Along with these enlightening tales, Krass includes brief mini-chapters entitled "Quirky Habits & Brazen Philosophy" between chapters throughout the book. These interludes further explore the personal habits that aided Twain's stunning success and feature many memorable witticisms from the master himself. For those who know and love Mark Twain only as a writer and humorist, this book will provide a fascinating and revealing look at his life as a successful man of business.
"Mark Twain: humorist, novelist, and business guru? That last label may come as a surprise, but the preeminent American author spent most of his life in pursuit of wealth: as a riverboat captain, a silver prospector, a newspaper owner, an investor and an inventor. Krass (Portrait of War) tries to adapt Twain's life story and trademark wit for the business how-to format, with mixed results. Krass's attempts to incorporate Twain's rascally humor into his business writing often misfire, due to bad setups and over-explanation (Twain: 'Vice flourished luxuriantly ... A crowded police-court docket is the surest of all signs that trade is brisk.' Krass: 'However, vice never did become a leading indicator used by the government to monitor the economy's health'). Fortunately for Krass, the ups and downs of Twain's business ventures, in which he made and lost vast sums, prove thrilling in themselves. As ruthless as Twain could be in print, he was even more vicious and unapologetic in business: for instance, he repaid his father-in-law's investment in his newspaper by ending the newspaper's criticisms of his father-in-law's dealings. Krass' book is most entertaining-and useful-treated as a business-minded biography rather than a guidebook." Publishers Weekly (Copyright Reed Business Information, Inc.)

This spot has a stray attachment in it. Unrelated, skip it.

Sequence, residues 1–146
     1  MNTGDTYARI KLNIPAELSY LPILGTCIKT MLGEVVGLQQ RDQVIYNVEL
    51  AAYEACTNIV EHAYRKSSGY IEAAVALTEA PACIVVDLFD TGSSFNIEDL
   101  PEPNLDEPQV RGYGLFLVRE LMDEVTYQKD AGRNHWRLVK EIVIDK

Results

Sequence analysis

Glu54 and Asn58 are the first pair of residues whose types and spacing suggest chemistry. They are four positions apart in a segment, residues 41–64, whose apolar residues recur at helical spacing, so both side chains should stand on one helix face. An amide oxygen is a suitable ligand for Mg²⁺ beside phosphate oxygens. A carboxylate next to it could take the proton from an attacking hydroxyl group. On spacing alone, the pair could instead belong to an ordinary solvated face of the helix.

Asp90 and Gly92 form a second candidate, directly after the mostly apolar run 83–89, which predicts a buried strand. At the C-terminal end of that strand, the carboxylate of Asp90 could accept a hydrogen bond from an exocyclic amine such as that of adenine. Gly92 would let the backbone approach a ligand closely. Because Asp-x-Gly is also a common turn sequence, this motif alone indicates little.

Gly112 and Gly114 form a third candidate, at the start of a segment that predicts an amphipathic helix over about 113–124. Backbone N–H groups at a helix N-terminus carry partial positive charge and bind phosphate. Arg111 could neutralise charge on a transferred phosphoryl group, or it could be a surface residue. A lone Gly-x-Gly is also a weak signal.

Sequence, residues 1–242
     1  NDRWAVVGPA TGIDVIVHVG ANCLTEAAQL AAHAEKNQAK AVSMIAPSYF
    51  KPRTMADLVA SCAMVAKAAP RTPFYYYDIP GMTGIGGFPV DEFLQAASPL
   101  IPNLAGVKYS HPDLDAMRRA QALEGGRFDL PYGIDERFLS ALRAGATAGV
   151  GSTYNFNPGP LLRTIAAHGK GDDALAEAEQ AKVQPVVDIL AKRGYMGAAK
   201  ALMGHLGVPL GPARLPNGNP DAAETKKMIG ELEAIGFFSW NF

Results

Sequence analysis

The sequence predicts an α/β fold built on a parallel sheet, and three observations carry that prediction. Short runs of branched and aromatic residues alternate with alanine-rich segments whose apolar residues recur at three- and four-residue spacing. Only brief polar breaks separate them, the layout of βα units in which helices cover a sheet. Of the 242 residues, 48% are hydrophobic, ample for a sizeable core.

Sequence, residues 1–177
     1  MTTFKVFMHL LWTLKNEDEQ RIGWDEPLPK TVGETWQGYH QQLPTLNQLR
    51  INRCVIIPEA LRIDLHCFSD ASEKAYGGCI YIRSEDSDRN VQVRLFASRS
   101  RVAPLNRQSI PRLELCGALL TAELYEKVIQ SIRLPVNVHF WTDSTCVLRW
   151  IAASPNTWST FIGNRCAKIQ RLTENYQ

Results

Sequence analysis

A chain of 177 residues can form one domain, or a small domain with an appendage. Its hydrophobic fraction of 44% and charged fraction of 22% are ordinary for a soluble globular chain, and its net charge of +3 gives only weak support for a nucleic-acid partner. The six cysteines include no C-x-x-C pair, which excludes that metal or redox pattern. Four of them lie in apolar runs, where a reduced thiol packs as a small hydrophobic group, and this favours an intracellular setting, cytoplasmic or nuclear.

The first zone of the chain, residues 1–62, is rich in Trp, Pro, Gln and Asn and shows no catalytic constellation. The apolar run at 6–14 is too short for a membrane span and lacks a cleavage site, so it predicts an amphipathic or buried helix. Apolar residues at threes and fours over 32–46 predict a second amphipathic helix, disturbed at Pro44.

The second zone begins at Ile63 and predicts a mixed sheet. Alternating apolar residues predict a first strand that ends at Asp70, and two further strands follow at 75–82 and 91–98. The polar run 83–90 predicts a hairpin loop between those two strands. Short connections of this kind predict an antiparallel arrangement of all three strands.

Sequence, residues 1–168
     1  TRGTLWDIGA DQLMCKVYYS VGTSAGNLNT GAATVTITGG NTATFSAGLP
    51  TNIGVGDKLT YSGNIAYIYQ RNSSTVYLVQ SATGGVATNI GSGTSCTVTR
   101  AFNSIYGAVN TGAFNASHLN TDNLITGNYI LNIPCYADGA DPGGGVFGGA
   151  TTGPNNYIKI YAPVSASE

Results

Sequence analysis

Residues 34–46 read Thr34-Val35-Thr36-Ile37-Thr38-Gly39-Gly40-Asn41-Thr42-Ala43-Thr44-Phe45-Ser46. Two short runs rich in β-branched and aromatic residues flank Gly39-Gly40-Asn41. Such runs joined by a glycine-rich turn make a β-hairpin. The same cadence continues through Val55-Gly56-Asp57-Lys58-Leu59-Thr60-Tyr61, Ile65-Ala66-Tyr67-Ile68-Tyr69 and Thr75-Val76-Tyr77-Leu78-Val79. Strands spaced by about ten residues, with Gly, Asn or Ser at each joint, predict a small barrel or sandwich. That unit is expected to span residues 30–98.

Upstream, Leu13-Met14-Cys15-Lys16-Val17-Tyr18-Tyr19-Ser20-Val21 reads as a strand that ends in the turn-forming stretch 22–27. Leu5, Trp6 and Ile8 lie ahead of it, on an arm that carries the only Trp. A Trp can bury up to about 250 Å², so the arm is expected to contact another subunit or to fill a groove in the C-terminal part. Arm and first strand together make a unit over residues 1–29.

While the entire world knows Mark Twain as the renowned author of many classic American novels, few people are aware that he was also a highly successful businessman. In fact, more than half of his life was consumed by moneymaking pursuits, which often resulted in writing projects being neglected—but at the same time, these adventures were the inspiration behind many of the characters found in his books.